Sustainable Ideas for San Diego ADUS, Granny Flats, & Casitas in 2023


Reduce energy consumption and save money!


Looking for ways to reduce your energy consumption when building an ADU, granny flat, or casita on your San Diego property? Look no further! We’ve got you covered with all the important information.


Passive house design or net-zero design

A newer term to the construction industry, passive or net-zero homes create more energy than they use. These homes could be off-grid and still function perfectly. As you are planning your ADU, consider using a passive house design.

Having a casita on your property will require additional energy. Not only will passive house design help eliminate higher bills (and we all know energy is not cheap here in California), it may even get you tax breaks or discounted energy bills on the rest of your property.

Things like solar power and energy storage play a part in passive house design. Other important features to consider in net-zero energy ADUs are the insulation and doors & windows being installed.

Building a net-zero ADU may take a bit more planning and investment up front, but it will more than pay for itself in the long run.


Solar panels

Here in the greater San Diego area, we live in one of the most ideal places to take advantage of solar-powered energy. For a building as small as an ADU or casita, you are probably going to be able to completely power it using several solar panels. 

If you are interested in learning more about solar power regulations and energy buy-back here in California, make sure you take some time to understand the new rulings that came into effect in April with the introduction of NEM 3.0.


Energy storage

If you are installing solar panels, you’ll definitely want to consider adding an energy storage system to go with it. There are a number of home energy storage systems on the market, including that one made by that guy who bought the company formerly known as Twitter.

Storing the energy your home produces is very similar to having a backup generator, but it’s electrically powered instead of gas-powered. Not only are they a more sustainable energy source than gas, but they also can be more cost-effective both upfront and in the long run, as you don’t have to purchase fuel for them.

Not to mention they’re quicker to install. And significantly quieter. In fact, the only thing they aren’t better at is long-term energy powering solutions, because they don’t store as much energy as a generator can continuously produce.


Accessibility is sustainability

Design your ADU or granny flat now as something that will last a human lifetime as far as use-ability. Plan for things like grab bars or wheelchair clearance. Do everything you reasonably can to avoid future remodels. Avoiding future home improvement projects is the most sustainable thing you can do when building a casita.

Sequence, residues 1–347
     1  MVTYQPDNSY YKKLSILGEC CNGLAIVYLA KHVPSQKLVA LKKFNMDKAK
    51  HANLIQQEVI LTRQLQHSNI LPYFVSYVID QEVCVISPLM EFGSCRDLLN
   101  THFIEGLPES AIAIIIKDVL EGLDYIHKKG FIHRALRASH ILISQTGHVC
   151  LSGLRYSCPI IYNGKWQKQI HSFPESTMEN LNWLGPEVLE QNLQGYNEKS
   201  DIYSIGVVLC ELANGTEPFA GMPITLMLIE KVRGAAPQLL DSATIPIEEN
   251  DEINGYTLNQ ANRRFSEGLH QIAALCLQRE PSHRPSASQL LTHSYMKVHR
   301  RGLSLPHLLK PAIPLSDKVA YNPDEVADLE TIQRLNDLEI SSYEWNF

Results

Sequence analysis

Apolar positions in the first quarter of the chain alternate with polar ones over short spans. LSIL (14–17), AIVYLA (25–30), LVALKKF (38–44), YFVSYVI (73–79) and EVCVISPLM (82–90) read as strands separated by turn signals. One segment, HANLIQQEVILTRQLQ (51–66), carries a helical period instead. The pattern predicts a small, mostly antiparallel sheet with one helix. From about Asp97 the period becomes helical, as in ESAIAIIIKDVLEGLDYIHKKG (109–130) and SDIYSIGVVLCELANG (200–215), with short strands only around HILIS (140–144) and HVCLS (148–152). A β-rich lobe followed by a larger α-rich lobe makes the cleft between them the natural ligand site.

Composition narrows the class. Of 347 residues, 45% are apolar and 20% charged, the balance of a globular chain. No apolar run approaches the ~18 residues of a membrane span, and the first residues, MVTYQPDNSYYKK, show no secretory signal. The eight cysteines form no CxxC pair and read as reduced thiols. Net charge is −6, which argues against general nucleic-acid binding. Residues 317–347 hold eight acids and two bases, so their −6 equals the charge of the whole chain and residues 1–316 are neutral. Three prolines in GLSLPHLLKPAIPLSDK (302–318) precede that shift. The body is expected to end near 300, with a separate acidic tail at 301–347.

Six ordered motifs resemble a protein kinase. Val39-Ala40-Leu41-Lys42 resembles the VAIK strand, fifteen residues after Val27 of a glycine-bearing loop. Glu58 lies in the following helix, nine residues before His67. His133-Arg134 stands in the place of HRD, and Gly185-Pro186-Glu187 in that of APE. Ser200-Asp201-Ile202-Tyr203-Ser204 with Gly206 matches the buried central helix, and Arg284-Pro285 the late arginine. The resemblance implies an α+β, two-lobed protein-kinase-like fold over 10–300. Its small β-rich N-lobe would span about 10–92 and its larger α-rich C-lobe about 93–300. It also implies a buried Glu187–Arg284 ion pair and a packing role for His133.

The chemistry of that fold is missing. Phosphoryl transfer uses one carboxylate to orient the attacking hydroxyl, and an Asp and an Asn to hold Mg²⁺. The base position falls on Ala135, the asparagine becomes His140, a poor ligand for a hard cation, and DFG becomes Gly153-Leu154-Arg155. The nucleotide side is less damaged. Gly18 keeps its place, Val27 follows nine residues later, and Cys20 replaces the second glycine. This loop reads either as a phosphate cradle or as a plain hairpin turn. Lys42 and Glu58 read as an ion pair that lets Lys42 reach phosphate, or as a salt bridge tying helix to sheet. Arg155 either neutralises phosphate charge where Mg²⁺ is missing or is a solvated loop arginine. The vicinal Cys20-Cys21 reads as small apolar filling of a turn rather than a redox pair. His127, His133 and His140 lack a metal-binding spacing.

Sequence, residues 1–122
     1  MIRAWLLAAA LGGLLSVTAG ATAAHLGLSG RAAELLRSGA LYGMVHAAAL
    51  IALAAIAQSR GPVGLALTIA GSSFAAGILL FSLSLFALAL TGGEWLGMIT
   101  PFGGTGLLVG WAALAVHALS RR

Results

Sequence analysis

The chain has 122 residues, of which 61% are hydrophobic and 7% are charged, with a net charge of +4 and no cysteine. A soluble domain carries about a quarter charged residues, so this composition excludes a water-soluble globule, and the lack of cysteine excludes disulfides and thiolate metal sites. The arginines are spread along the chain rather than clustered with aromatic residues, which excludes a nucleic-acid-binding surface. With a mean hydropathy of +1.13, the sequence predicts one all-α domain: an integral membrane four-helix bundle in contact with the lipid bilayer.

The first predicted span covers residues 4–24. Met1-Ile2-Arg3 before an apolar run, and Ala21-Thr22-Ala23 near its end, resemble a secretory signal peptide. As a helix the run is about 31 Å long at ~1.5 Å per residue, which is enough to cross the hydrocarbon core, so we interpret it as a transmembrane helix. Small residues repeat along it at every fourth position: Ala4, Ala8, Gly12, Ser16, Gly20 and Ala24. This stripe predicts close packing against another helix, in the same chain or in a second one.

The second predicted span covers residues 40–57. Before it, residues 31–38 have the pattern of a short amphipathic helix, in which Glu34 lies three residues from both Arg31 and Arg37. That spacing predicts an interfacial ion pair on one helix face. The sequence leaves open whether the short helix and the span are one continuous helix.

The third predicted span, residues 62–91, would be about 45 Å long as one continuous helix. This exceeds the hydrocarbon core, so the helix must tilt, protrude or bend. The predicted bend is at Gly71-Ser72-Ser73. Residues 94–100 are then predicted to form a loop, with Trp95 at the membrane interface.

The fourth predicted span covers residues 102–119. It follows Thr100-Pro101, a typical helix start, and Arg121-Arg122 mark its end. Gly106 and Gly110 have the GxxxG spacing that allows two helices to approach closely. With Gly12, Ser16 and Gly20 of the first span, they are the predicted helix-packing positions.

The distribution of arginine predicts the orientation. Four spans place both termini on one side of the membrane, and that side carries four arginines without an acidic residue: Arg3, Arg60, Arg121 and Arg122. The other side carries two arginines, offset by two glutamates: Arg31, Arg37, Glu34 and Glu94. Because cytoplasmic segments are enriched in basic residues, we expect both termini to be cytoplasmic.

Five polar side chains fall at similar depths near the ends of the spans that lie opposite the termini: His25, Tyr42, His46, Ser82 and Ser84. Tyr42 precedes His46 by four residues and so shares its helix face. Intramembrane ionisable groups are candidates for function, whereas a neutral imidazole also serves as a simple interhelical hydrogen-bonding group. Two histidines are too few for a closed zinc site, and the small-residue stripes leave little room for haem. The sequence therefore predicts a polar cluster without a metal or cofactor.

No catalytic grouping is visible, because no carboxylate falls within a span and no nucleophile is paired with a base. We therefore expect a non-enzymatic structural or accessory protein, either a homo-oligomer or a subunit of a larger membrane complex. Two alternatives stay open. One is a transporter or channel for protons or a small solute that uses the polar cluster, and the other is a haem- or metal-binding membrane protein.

Sustainable landscaping and native plants

We don’t have a lot of water to spare here in California, so designing the landscape around your casita with native plants that don’t require a lot of irrigation is key. A non-traditional, non-grass lawn yard is the best way to have a sustainable landscape.

Native plants (plants found growing in the wild in your area) love the temperature and climate of the area they are in. You don’t have to do much for these plants in order to help them thrive. They also grow their roots much deeper than non-native plants, which is helpful in avoiding things like landslides (not that you experience many of those in your San Diego backyard).

And guess what – San Diego may even compensate you for removing your turf lawn.

You can also plan your landscaping in a way that will collect rainwater (because we have so much of that in San Diego – an average of 10 whole inches per year!) and allow you to use it as a source of irrigation for your yard.

And using recycled materials such as concrete or natural stone to create a pathway in your yard is extra bonus sustainability! 


Standard California Permitting Requirements

All that said, California has tons of items that are now required to be tacked onto projects as part of getting them permitted, and we embrace them. They include:

  • Mandatory recycling and reporting of a certain percentage of waste on projects
  • Low flow plumbing fixtures and restrictions on the number of fixtures in a shower
  • Solar panels on certain new structures
  • Title 24 energy requirements such as high efficacy lighting, motion and moisture sensors on certain fixtures such as exhaust fans and lighting
  • The most stringent requirements for energy efficient windows and doors in the nation
  • Increased insulation depending on climate zones, cool roofing, radiant barriers, concrete flooring, HERS testing, etc.

This has been a lot of information about making your ADU/granny flat/casita a more sustainable building. If you have any questions about the feasibility of these ideas or are ready to get started designing your San Diego ADU, please reach out to us. We’d love to talk to you about your project.